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How To Write The Perfect Agent Letter?

Formulas don’t necessarily exist for writing the perfect letter to Agents, it’s not mathematics. There are simple things you can do, to drastically increase your chances of your letter being read, rather than becoming waste paper.

Know who you’re writing to.
Perhaps the most important piece of advice is to know exactly who you’re sending your submission to. So much of the profession is about research and sourcing somebody who you’d like to represent you is no different in terms of the way it should be approached. It’s no use writing generic letters, you should really invest some valuable time into finding out more about the agency.

Get the balance right between formal and familiar.
Remember, unless you know the person that you’re writing to, they’re an industry professional and they will not appreciate you making jokes or including gimmicks (they’ve all had submissions with tea bags included to ‘soothe them while they read’) it is an instant turn-off. You should be polite and friendly but not overbearing or in any way pushy.

Make sure your photographs are up-to-date.
This may sound obvious but making sure that your 10×8 photographs are a true representation of your look is incredibly important. If you’ve lost weight over the last few years or drastically changed your hair style, invest some money into new head shots and refrain from writing to agents for a while. It’s incredibly embarrassing to turn up to an interview and look nothing like the photo that you’ve sent them. Your look is probably one of the main reasons that they want to see you.

Keep the letter concise.
It goes without saying that all good agents are incredibly busy people and they’re working with people whom they already represent. Although they all have systems in place to monitor new submissions, if your letter is too long, it won’t be read. There’s nothing worse than opening a letter and revealing something akin to a dissertation beneath the envelope. Certainly write no more than 200 words and use an easily readable font at an appropriate size (12pt). You don’t need to include your entire CV on your cover letter, as all of these credits appear on your CV.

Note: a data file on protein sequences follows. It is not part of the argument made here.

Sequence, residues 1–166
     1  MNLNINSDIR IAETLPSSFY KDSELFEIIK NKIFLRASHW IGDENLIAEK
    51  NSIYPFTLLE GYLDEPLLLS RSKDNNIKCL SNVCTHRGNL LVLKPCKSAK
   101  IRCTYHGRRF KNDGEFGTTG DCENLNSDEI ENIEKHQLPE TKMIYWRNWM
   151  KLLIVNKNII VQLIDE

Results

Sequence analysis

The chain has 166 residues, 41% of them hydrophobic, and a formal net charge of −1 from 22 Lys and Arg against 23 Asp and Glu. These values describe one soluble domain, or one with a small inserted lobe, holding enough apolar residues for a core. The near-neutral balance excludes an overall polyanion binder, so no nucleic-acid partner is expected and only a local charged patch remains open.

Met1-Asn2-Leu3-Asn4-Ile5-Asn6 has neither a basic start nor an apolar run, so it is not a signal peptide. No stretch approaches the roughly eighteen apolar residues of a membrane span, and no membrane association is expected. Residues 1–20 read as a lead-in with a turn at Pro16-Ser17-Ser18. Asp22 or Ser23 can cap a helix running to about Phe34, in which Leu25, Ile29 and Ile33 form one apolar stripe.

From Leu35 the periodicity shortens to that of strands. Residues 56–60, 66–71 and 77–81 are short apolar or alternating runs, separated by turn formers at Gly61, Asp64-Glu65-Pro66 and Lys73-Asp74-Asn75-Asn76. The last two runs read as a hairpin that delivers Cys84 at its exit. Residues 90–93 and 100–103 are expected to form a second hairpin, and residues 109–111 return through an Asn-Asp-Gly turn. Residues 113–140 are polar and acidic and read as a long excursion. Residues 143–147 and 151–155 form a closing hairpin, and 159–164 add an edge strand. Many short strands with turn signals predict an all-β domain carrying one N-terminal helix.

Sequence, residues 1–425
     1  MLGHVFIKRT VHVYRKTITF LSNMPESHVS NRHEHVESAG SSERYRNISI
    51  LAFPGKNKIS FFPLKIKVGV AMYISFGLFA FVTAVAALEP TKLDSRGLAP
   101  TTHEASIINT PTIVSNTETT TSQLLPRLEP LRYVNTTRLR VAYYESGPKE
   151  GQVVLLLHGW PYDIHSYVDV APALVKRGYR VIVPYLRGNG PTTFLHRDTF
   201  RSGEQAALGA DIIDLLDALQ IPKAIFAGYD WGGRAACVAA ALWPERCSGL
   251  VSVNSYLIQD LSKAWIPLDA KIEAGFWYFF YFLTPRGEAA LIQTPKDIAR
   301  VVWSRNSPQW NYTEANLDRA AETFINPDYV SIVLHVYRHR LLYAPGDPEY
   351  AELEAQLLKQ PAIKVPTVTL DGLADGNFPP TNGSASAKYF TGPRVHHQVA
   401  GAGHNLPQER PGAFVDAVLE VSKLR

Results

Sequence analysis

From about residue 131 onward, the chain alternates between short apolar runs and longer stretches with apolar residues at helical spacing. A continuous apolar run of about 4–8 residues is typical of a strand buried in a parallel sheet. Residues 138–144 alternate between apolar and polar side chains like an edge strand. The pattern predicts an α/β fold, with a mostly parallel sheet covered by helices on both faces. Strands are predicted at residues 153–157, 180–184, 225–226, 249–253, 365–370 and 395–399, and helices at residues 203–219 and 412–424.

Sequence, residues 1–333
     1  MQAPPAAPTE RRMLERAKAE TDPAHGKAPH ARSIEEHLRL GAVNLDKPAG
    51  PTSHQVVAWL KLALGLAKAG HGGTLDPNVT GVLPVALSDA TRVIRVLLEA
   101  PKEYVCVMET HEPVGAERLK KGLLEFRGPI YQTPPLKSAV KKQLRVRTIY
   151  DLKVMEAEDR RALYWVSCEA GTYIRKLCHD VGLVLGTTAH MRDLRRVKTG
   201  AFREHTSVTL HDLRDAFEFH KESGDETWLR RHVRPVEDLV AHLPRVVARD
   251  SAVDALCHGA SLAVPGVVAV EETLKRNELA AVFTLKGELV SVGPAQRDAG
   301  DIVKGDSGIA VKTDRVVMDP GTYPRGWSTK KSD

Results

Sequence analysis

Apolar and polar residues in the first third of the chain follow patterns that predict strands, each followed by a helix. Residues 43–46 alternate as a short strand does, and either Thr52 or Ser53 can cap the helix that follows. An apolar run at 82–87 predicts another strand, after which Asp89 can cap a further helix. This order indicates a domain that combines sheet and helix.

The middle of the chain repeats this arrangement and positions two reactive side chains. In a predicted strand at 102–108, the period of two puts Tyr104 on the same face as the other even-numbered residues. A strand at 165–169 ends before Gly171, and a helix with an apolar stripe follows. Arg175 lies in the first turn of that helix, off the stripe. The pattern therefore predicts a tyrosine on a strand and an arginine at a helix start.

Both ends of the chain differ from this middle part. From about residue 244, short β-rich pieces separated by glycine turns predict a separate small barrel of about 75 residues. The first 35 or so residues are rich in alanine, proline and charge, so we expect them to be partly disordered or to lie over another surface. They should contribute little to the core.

If there is common ground, by all means talk about it.
Having said above not to include credits on your CV, if in the last project you worked on, you were working with one of the Agents clients then this could be a terrific starting point in your letter: “I was delighted to learn that I have just worked with your client John Smith in the Production of Midsummer Nights dream at the Donmar, we all had a brilliant time working on it…” Furthermore, if they represent other performers from the institution that you’ve trained – include a sentence or two about that. More than anything else, it shows that you’ve bothered to look at their client list and that you’ve made professional associations with those you’ve worked with or trained alongside.

Consider different ways of presentation.
This statement should be treated with caution. Glamourising letters with colour and illustrations, stickers and fancy artwork can appear unprofessional and ‘gimmicky’. Try and avoid this at all costs. However, if you are appearing in a production that you’d like the Agent to consider coming to view, perhaps sending a professionally designed postcard might be an option? Companies print these at a relatively low cost and if you are unable to design it yourself, fiverr.com provide people who will do it for you for under £3.50. It gives the Agent less to read and digest and perhaps they’d be more inclined to pick up the diary and check their availability?

There is far more to chat about on this subject and we will do so in due course. If we can help save you time by providing some labels, so that you can dedicate more time to the content of your submissions, you can see them here http://alreadylabelled.com/casting-agent-labels/

We welcome all of your comments and if you’d like to talk through your agent letter with one of our team, feel free to sent it to info@alreadylabelled.com and we’ll take a look at it.

Good luck with your early 2013 submissions.

Posted in: Writing to Agents & Casting Directors

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